I have seen some supporters of constitutional reform try and argue that blackfellas who oppose Recognise do not fully understand what or why they are opposing it. I have heard others claim that the voices of opposition are in the minority.

    Both arguments are unjustified – anecdotally, I have met very few Aboriginal people who are supportive of the campaign and who aren’t connected in some way to the Recognise movement. The overwhelming response has been one of cynicism.

    And the people who oppose it often have very good reasons for doing so. You may think that’s an unscientific way to judge public opinion, but I would counter it is just as scientific as Recognise’s own polls and regional forums, stacked with supporters.

    You only have to look at the history of the movement, from the failure to respond to the expert panel, from the expert panel’s own refusal to acknowledge sovereignty in its recommendations because it was unlikely to pass at referendum, to the farcical Act of Recognition which binds Parliaments to nothing…
    There are still calls for treaty and sovereignty. They are not white noise.

    First Nations people do not have time to waste on “Acts of Recognition” which tick a box for big politicians. We do not have time to spend on inquiries that ignore our justifiable concerns at a process that has largely excluded us. As the sun sets on any substantive change to the constitution, there is an urgency that says time is running out for pushing land rights, sovereignty and treaty.

    She concludes the article – “Recognise: The Debate That is Failing and Dividing Black Australia”:

    And if the campaign does not have the overwhelming support of Aboriginal and Torres Strait Islander people, what point is there to it at all?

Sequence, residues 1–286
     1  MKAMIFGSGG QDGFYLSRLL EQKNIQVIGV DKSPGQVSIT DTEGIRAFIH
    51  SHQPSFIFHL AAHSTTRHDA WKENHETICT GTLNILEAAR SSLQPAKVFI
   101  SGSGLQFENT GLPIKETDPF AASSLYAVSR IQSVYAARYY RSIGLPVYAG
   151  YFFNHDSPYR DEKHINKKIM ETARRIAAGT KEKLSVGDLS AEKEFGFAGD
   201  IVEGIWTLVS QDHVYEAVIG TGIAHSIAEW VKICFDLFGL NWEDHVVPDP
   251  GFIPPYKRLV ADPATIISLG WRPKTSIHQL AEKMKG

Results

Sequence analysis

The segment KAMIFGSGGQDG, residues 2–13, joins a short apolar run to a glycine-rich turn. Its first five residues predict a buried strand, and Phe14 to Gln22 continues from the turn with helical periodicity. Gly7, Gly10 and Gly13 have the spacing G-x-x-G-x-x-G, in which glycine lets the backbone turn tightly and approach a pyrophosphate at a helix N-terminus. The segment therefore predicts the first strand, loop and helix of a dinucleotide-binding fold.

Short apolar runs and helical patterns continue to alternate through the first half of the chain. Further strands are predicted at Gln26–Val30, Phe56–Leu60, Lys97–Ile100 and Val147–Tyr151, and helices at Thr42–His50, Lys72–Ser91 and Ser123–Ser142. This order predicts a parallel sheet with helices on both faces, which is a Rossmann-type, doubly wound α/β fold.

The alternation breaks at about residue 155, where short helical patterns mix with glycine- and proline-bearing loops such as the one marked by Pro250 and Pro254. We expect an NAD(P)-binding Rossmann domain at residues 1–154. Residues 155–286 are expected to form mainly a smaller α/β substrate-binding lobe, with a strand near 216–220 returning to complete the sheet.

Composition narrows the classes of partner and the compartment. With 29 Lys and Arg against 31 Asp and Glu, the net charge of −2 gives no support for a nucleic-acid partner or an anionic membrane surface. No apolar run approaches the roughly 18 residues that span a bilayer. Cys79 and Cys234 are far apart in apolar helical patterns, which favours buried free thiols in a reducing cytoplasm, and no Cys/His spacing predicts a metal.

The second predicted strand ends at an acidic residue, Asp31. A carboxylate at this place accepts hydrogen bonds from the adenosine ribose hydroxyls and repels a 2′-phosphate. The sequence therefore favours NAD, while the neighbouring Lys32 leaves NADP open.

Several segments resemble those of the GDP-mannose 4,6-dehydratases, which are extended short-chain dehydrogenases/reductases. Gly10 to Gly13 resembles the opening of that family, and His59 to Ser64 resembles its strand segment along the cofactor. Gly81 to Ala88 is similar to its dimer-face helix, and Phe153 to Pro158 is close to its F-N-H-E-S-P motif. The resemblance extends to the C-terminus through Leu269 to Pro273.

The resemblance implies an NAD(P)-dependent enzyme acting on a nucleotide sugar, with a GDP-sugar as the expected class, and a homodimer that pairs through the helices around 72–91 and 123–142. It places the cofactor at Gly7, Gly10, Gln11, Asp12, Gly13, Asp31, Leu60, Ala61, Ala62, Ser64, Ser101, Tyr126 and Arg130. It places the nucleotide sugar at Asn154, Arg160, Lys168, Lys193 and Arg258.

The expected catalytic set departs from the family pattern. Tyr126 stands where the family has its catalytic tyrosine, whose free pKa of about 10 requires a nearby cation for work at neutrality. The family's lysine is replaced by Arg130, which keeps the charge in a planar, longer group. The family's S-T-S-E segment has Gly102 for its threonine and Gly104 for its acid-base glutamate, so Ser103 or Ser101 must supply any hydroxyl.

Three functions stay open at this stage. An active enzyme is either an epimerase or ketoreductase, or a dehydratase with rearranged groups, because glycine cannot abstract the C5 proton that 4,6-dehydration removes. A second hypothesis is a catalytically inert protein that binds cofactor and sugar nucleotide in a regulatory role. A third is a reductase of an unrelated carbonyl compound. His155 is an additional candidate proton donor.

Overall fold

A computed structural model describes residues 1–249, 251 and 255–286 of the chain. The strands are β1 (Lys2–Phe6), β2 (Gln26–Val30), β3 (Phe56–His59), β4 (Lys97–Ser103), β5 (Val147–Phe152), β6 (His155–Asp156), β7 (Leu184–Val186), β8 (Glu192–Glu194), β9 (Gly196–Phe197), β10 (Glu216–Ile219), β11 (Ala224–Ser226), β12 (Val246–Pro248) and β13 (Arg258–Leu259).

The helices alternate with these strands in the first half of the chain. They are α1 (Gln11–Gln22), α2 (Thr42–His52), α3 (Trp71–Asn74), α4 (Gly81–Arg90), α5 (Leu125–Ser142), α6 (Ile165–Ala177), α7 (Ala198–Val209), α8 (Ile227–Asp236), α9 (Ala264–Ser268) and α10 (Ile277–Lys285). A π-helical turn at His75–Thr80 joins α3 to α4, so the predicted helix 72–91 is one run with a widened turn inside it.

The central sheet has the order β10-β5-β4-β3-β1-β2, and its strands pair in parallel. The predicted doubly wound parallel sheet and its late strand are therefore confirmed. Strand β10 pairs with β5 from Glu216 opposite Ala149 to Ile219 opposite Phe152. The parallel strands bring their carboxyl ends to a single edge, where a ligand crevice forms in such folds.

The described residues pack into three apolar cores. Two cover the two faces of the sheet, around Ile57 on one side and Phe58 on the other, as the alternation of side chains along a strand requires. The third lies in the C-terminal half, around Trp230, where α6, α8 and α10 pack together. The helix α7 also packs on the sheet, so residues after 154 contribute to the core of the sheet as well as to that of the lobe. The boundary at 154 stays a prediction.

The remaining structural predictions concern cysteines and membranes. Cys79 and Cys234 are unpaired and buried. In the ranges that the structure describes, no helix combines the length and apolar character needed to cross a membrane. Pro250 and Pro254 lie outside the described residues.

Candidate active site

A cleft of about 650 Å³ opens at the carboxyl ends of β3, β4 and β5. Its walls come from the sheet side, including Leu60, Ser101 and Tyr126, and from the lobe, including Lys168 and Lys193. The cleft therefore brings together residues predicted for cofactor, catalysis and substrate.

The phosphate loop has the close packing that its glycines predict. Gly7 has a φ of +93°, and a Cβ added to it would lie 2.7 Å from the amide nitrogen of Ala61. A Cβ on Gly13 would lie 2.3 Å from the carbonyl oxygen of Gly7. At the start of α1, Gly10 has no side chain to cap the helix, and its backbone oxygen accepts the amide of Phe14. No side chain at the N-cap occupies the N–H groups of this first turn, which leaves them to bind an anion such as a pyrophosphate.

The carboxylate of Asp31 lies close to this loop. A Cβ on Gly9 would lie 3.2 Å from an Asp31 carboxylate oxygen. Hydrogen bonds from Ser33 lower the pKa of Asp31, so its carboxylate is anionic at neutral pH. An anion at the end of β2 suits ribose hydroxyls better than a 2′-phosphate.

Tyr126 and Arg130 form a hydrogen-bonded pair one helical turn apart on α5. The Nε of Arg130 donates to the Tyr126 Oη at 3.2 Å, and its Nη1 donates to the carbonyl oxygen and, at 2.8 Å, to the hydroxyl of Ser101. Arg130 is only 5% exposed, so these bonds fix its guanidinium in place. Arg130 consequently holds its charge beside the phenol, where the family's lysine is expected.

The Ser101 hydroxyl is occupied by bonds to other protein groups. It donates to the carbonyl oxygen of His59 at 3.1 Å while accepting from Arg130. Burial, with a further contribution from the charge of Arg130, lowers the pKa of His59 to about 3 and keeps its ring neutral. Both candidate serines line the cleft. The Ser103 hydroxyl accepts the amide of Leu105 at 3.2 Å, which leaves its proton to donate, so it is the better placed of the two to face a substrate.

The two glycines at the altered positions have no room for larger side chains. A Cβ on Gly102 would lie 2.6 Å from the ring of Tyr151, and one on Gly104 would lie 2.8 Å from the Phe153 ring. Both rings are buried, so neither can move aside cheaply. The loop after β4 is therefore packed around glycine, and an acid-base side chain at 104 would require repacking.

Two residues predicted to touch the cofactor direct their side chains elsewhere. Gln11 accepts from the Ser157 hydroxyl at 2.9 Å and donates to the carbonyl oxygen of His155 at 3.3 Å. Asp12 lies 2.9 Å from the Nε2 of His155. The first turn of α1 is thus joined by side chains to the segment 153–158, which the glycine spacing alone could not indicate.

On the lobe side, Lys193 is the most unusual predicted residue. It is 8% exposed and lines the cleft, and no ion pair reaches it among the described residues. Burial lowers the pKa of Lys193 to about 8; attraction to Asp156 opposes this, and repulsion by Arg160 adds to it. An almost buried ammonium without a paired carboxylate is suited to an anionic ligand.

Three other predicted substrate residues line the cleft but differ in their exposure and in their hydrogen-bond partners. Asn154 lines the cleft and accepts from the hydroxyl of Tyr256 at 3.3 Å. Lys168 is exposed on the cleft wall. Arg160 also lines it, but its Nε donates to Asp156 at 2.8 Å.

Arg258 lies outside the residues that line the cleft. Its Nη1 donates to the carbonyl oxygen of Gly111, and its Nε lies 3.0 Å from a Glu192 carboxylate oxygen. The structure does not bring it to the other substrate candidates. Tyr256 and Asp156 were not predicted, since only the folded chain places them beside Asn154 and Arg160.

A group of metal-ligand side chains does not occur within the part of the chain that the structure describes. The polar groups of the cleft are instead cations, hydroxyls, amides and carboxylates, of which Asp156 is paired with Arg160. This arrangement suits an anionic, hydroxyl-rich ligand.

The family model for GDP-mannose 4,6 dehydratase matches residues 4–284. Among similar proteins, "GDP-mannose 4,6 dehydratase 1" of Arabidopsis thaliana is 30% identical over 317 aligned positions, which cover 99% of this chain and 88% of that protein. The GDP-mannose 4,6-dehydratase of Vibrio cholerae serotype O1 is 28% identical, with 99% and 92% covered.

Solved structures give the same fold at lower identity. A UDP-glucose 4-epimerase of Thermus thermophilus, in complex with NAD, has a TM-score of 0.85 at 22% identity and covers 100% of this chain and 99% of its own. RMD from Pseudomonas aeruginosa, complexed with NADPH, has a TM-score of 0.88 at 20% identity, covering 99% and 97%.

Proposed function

210. @Ikonoclast

    Is this the page you are refering to:-

    https://www.humanrights.gov.au/publications/about-constitutional-recognition

    I’m all in favour of abolishing the race powers in the constitution. But the agenda being run by the loudest proponents of reform is to simply replace the existing race powers with new race powers. An absurdity in this day and age.

    Section 51 (xxvi) should simply be deleted and nothing new added. Such a minimalist reform ought to find widespread support. But an activist agenda that seeks to use the occassion to install new clauses into the constitution will in all likelyhood face fearce opposition and simply divide people.

  211. @Ikonoclast

    Is this the page you are refering to:-

    https://www.humanrights.gov.au/publications/about-constitutional-recognition

    I’m all in favour of abolishing the race powers in the constitution. But the agenda being run by the loudest proponents of reform is to simply replace the existing race powers with new race powers. An absurdity in this day and age.

    Section 51 (xxvi) should simply be deleted and nothing new added. Such a minimalist reform ought to find widespread support. But an activist agenda that seeks to use the occassion to install new clauses into the constitution will in all likelyhood face fearce opposition and simply divide people.

  212. @TerjeP

    Contention is potentially interminable. At some stage we will stop debating and simply hold a vote. Thank goodness for democracy.